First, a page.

William H. Kennedy’s Wild West Show
For Wonderland’s first year, the large open section at the Southwest of the park was occupied by William H. Kennedy’s Wild West Show. Although not as famous as Buffalo Bill, Kennedy’s was a large show that featured not only Cowboys and and Indian Congress (mostly Cheyenne Indians from the Oklahoma Territory, when the Kennedy Brothers shows were based), but also chariot races. Kennedy’s wife Bess was part of the show, but in the first weeks she was injured when racing her horse and it tripped in a hole. She was replaced by Anna Schaffer, “Queen of the Cowgirls”
The area had a grandstand up against the outer wall of Wonderland that seated the patrons so they could watch the show, put on in an oval track.
Photo of the Indian Congress. Beyond the fence that ran around the show grounds, you cab see the tops of the Infant Incubator Building, the Wonderland Entrance/Administration building, and the shaft of the Whirl the Whirl ride. The gates into the grounds are obvious from their being higher than the rest of the fence.
Frederic Remington’s A Dash for the Timber, which Kennedy’s show copied.
Kennedy’s Wild West Show and Indian Congress only lasted the first season at Wonderland.
For the second season the show was replaced by Pony Rides, which took place in the oval track used by the Wild West Show. They had two dozen Shetland ponies and carts to ride in. A report from the spring of 1907 called the area the “Children’s Paradise”, but no later report of that name appears.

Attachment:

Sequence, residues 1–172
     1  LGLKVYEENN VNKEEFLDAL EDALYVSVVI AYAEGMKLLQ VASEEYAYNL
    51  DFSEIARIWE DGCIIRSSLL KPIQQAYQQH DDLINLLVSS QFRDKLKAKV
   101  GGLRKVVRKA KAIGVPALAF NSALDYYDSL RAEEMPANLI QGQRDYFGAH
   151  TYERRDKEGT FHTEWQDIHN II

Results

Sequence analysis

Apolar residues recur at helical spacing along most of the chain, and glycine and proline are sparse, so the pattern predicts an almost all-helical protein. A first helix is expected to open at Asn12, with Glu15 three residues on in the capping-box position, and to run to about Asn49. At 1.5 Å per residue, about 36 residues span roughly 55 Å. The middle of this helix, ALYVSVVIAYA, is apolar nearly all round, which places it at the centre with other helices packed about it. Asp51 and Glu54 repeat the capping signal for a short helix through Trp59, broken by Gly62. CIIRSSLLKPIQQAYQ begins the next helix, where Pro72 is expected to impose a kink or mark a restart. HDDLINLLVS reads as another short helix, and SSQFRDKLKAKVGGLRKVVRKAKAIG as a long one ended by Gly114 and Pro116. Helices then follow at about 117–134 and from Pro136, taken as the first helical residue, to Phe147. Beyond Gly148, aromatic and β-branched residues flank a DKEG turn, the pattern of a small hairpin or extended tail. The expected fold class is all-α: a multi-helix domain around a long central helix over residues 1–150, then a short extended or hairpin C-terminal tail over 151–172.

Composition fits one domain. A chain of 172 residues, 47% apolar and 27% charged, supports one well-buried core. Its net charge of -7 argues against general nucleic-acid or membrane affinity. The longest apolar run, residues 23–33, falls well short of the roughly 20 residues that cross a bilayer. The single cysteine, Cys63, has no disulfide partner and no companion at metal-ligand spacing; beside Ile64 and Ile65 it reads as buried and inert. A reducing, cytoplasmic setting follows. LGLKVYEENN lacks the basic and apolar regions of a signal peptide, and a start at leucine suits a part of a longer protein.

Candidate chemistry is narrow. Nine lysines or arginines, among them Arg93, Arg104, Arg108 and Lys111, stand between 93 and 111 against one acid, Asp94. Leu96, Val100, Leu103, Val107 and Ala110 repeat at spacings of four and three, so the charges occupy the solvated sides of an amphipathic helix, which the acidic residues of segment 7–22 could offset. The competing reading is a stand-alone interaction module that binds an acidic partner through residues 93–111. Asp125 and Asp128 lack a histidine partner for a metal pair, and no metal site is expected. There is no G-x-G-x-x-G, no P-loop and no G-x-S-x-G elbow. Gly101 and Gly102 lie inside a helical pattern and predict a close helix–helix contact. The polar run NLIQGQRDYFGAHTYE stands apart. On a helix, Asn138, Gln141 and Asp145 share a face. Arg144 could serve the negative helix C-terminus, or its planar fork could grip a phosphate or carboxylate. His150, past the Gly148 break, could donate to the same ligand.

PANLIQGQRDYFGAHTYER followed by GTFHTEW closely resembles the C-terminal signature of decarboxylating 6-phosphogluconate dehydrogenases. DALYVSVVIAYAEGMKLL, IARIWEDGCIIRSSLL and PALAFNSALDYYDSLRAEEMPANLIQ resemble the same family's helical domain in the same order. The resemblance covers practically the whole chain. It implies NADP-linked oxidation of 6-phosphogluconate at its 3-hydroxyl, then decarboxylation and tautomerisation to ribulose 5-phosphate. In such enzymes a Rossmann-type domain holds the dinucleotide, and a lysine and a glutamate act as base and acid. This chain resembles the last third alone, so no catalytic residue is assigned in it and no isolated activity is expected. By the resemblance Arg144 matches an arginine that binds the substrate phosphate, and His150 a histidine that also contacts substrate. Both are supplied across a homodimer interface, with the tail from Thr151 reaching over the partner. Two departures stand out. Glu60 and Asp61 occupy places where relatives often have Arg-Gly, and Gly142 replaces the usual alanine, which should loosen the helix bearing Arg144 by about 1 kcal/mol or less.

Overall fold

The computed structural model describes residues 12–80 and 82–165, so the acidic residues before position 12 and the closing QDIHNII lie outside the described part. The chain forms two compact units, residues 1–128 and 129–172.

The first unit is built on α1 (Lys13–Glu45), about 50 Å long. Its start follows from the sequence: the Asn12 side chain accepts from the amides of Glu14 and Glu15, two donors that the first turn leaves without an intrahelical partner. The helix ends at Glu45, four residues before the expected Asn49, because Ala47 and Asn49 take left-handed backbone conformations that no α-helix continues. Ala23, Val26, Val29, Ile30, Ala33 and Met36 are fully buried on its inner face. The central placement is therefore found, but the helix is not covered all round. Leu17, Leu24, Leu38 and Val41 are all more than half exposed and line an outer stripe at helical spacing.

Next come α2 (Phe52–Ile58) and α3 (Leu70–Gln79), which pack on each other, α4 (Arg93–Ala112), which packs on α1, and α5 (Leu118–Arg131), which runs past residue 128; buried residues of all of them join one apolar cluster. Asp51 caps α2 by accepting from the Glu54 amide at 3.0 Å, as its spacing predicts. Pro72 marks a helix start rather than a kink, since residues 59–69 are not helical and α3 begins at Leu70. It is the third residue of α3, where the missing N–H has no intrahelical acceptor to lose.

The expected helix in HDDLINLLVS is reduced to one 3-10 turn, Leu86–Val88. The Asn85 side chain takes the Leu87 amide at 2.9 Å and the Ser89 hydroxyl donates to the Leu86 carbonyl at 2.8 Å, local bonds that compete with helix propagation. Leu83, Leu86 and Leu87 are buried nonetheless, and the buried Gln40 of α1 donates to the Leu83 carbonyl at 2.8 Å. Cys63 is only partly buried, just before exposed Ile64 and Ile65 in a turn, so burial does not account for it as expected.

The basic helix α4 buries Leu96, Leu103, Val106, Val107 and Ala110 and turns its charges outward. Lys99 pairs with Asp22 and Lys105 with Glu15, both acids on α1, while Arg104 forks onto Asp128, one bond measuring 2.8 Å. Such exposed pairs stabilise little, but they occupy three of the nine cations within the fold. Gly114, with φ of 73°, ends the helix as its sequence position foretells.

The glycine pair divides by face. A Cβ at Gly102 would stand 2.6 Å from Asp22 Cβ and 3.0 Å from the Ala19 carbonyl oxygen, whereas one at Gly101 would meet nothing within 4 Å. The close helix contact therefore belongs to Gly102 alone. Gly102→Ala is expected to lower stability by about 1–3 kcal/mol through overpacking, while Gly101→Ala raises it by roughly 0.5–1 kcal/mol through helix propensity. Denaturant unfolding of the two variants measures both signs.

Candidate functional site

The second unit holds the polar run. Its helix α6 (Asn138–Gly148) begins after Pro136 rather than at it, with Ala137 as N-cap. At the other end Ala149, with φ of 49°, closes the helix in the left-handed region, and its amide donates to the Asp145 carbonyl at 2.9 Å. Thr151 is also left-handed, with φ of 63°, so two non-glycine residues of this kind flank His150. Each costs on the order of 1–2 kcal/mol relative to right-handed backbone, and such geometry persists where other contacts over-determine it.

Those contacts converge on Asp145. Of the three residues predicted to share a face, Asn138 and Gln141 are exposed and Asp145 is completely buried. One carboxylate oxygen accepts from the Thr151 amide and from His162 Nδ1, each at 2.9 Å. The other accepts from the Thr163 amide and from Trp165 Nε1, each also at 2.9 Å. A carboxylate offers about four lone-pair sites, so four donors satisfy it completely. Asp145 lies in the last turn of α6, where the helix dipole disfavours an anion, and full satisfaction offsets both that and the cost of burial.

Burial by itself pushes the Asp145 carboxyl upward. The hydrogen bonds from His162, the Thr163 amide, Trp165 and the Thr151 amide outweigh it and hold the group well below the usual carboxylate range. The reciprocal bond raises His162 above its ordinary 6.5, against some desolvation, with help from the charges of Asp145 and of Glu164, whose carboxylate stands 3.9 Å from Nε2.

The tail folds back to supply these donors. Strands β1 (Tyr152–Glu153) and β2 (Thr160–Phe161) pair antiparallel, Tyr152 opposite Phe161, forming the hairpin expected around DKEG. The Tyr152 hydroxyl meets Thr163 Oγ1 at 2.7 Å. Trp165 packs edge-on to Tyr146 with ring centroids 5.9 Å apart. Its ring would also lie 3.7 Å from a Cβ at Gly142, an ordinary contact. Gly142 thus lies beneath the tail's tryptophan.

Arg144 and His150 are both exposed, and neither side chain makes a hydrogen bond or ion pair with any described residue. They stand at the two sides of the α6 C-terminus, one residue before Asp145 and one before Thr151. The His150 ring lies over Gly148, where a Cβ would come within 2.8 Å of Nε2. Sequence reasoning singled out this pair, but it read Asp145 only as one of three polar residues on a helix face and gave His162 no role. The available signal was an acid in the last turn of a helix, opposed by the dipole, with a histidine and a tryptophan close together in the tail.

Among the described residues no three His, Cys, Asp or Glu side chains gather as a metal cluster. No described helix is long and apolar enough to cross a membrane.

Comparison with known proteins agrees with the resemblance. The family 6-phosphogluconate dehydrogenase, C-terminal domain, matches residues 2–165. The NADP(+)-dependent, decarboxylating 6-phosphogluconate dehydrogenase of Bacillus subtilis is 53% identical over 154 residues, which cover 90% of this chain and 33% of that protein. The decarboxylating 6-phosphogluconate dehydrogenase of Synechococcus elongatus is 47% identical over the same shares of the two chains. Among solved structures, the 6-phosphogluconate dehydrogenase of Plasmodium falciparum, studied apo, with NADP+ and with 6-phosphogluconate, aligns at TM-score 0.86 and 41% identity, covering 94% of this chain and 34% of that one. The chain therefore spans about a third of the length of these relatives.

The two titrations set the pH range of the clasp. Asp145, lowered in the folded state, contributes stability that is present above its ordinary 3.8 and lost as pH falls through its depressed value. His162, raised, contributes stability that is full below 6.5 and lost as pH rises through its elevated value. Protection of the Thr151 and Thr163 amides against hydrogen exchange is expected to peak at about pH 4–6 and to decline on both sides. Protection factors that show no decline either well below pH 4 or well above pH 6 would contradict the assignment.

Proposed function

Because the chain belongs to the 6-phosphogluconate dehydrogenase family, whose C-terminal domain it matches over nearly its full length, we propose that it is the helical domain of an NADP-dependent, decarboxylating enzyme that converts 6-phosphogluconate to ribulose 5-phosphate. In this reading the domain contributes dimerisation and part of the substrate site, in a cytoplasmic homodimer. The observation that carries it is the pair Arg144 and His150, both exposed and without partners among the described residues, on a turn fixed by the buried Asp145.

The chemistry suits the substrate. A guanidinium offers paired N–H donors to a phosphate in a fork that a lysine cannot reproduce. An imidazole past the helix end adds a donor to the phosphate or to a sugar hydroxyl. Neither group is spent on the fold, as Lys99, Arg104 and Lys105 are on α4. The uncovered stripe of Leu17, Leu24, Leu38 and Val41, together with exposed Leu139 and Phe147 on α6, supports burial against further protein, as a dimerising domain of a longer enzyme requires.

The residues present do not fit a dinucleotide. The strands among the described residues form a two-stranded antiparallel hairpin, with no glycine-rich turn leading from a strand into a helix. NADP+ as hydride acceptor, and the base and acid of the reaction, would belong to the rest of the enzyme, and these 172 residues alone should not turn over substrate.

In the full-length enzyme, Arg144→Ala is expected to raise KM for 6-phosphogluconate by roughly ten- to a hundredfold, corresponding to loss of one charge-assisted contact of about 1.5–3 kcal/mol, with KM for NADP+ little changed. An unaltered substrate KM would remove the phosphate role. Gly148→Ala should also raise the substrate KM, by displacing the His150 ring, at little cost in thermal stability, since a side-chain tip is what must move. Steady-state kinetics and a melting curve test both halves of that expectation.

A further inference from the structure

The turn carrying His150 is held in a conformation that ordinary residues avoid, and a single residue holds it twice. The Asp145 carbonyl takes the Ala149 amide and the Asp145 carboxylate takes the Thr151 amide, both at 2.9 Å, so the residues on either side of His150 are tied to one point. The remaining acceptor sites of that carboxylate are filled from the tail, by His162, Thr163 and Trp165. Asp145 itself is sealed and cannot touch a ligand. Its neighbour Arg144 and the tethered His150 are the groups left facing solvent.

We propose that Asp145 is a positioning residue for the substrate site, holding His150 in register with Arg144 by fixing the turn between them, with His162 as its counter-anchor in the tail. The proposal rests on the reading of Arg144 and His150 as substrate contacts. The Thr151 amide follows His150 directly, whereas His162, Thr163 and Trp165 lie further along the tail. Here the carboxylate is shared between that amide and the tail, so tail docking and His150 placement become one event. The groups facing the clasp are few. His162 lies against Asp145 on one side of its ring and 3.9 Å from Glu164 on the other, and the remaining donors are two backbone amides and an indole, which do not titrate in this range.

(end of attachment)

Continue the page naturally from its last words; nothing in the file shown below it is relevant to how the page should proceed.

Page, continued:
The Pony Carts at Wonderland (Notice the slope of the Shoot the Chutes and the top of the roof of the Carousel Building in the background)
They also put in a Miniature Railroad that ran around the perimeter of the section. Where the railroad passed under the grandstand, it became “Tunnel Number 23”
Miniature Railroad coming out of Tunnel 23
In this closeup from a photo taken from the tower of the Shoot the Chutes you can see the rails of the Miniature Railroad hugging the inside of the enclosure fence. Beyond the fence you can see the Whirl the Whirl, the Incubator building, and the Walnut Street Entrance.
The “Children’s Paradise” story also said that there would be a (mechanical) cow that the children could milk. If one was installed, it would probably have been similar to the ones now in Storyland in Glen, NH, or at Sturbridge Village in Sturbridge MA, or “Buttermilk” at the Heritage Farmstand Museum in Plano TX
(The above two images showing children milking the cow at Storyland, Glen, NH are from the TripAdvisor website)
“Buttermilk” the Mechanical cow in Plano, Texas.
For the 1908 season, the track was covered over with a wooden floor, and the Pony Rides were replaced by a Skating Rink. The Miniature Railroad, however, remained.
It’s not clear what they used the grounds for in 1909, although the Miniature Railroad was probably still there. They might have continued the Skating Rink.
The Captive Balloon
For the 1910 season the area was home to models of airplanes, and to the Captive Balloon, which would take two people aloft 900 feet for a dollar apiece. The balloon was made by noted aeronaut Leo Stevens, and was christened the “Wonderland”. At the end of the season, it was sold.
Leo Stevens in one of his balloons (not at Wonderland)